# [bitcoin-dev] Statechain implementations

Bob McElrath bob at mcelrath.org
Thu Mar 26 14:52:36 UTC 2020

Very good point, but I think this is easy to fix.

It's not actually necessary that the quantity in (b) involve the SE's secret key
s1. It can be purely the blinding factor. This quantity gets relayed through the
SE anyway, after a round trip through owner 2, where the SE removes the blinding
nonce. The SE needs to determine the ratio of the two private keys o1*o2_inv.
There's no reason for the SE to send anything about s1 other than the public
keys S1=s1.G and S2=s2.G, keeping the secret keys s1 and s2 hidden behind ECDLP
and not sharing quantities involving them in Z_p.

Thus:
b. (SE) x -> (2)
c. (2) o2_inv*x -> (1)
d. (1) o1*(o2_inv*x) -> (SE)
e. (SE) s2 = x_inv*(o1*o2_inv*x)*s1 = o1*o2_inv*s1
s2.G -> (2)
f. (2) o2.s2.G = o1.s1.G = P

Now we could have had a different problem, in step (e) if the SE sends owner 2
the quantity o1*o2_inv*s1, a self-sending owner can determine a similar quantity
to what you described (x1+x2)*s1: (o1*o2_inv + o2*o3_inv)*s1 and we're back to
an Irwin-Hall distribution.

It's not necessary to send a quantity involving s1 in steps (b-e). Owner 2
already has his private key o2 and the SE has his new private key
s2=o1*o2_inv*s1. Since P=o1.s1.G=o2.s2.G we're set up for o2 to transfer the
funds, but it's necessary to prove to (2) that his o2 does in fact control the
UTXO. This can be done by sending (2) the public key S2=s2.G which he can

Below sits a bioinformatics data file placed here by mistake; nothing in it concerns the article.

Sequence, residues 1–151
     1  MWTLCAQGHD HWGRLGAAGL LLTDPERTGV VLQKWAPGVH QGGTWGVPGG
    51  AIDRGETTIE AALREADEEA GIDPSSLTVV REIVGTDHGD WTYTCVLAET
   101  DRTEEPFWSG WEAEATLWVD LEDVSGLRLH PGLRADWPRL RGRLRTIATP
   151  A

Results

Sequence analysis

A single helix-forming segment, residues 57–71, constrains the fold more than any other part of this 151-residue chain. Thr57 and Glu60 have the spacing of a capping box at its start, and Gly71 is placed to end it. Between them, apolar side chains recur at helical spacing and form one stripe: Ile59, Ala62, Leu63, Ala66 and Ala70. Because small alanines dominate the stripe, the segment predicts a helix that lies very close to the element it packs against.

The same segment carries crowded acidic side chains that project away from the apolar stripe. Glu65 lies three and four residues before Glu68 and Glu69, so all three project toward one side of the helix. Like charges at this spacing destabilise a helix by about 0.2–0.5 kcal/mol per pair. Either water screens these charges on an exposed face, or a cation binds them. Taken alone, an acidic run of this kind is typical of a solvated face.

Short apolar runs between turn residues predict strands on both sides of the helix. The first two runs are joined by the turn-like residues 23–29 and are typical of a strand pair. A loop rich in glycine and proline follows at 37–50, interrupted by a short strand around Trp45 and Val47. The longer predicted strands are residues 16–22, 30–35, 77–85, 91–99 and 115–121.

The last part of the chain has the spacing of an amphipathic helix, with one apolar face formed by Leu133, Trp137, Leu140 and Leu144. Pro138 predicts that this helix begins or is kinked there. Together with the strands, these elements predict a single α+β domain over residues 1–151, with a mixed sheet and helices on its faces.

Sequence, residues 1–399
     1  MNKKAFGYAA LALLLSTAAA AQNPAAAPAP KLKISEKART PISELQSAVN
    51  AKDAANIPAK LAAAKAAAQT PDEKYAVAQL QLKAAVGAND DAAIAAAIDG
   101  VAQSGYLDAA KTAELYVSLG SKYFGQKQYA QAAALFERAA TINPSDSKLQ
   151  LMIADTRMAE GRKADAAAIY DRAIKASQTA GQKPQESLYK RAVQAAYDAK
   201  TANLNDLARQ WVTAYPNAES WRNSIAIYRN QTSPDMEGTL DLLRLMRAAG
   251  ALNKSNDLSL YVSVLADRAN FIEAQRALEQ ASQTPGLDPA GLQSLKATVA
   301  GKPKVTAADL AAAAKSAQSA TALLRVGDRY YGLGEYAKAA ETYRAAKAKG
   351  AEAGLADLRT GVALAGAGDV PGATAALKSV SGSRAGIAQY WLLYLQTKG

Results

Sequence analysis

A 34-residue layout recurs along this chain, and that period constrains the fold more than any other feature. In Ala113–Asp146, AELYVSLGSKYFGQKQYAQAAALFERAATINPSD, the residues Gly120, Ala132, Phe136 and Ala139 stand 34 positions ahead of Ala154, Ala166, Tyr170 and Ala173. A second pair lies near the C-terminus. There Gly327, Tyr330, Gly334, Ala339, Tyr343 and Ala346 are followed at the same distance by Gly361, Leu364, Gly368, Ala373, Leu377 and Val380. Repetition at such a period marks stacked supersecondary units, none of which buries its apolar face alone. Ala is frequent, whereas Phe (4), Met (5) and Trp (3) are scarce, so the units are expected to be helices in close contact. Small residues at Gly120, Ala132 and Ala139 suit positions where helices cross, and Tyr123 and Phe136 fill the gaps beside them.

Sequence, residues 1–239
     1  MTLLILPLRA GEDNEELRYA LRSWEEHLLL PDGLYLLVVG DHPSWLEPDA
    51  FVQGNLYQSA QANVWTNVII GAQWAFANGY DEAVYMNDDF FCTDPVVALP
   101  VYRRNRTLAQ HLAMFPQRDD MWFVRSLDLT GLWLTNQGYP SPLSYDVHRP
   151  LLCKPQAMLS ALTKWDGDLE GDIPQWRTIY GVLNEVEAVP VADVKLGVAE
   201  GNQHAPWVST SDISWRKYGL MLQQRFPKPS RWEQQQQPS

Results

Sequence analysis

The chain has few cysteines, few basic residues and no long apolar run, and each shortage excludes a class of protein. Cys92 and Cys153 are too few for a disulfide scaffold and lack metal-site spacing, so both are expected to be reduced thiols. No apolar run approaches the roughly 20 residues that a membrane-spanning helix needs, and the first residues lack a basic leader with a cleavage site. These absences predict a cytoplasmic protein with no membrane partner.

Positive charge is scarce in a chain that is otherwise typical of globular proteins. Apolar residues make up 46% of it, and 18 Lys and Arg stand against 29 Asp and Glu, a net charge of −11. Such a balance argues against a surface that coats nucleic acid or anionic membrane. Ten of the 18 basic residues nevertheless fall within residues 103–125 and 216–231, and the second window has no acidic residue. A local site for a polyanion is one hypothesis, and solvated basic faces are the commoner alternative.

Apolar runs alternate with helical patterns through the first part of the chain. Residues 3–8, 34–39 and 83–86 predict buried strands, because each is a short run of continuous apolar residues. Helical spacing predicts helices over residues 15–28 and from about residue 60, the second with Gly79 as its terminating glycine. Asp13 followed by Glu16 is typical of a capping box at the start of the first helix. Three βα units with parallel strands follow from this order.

multiply by o2 to get P=o2.s2.G and verify that the SE does have the correct
private key corresponding to his o2 for the public key P recorded on-chain.

Thus in the self-send situation, the owner no longer has any algebraic relations
he can use as you describe.

Algebraic relations remain in step (d) that a self-sending owner could use, but
they all involve his own private keys, which he knows anyway. He has only one
relation from the previous owner and all subsequent relations do not involve
that owner. However if a pair of entities send funds back and forth, each owner
could collect a sum as you describe, if the counterparty (2) re-uses keys:
o2_inv*(x1 + x2)
The SE has similar relations in step (e) if there's key reuse.  Therefore it's
important that on each transfer, you generate a new key and do not re-use keys.
A responsible SE could detect a key-reuse situation by e.g.  recording old
pubkeys P1, P2 even though he deleted s1 and s2, and inform the user of the
key-reuse error and abort.

Do you think that works?

P.S. SGX is not "trust minimization", it's "trust transfer" -- specifically to
the keys managing the SGX. If we thought processor manufacturers were better at
key management than the rest of us, we should just hand them the task. I don't
think that's the case, and I don't think anyone else does either. An SGX